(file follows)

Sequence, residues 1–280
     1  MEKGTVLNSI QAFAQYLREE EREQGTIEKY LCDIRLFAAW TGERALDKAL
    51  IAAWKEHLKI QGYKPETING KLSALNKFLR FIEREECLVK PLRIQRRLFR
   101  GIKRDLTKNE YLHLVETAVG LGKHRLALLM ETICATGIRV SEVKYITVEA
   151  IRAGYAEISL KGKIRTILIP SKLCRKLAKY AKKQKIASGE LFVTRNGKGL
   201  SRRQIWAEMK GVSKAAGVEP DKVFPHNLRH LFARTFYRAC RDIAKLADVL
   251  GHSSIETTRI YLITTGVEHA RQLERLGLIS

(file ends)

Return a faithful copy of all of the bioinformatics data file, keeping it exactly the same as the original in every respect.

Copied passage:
Sequence, residues 1–280
     1  MEKGTVLNSI QAFAQYLREE EREQGTIEKY LCDIRLFAAW TGERALDKAL
    51  IAAWKEHLKI QGYKPETING KLSALNKFLR FIEREECLVK PLRIQRRLFR
   101  GIKRDLTKNE YLHLVETAVG LGKHRLALLM ETICATGIRV SEVKYITVEA
   151  IRAGYAEISL KGKIRTILIP SKLCRKLAKY AKKQKIASGE LFVTRNGKGL
   201  SRRQIWAEMK GVSKAAGVEP DKVFPHNLRH LFARTFYRAC RDIAKLADVL
   251  GHSSIETTRI YLITTGVEHA RQLERLGLIS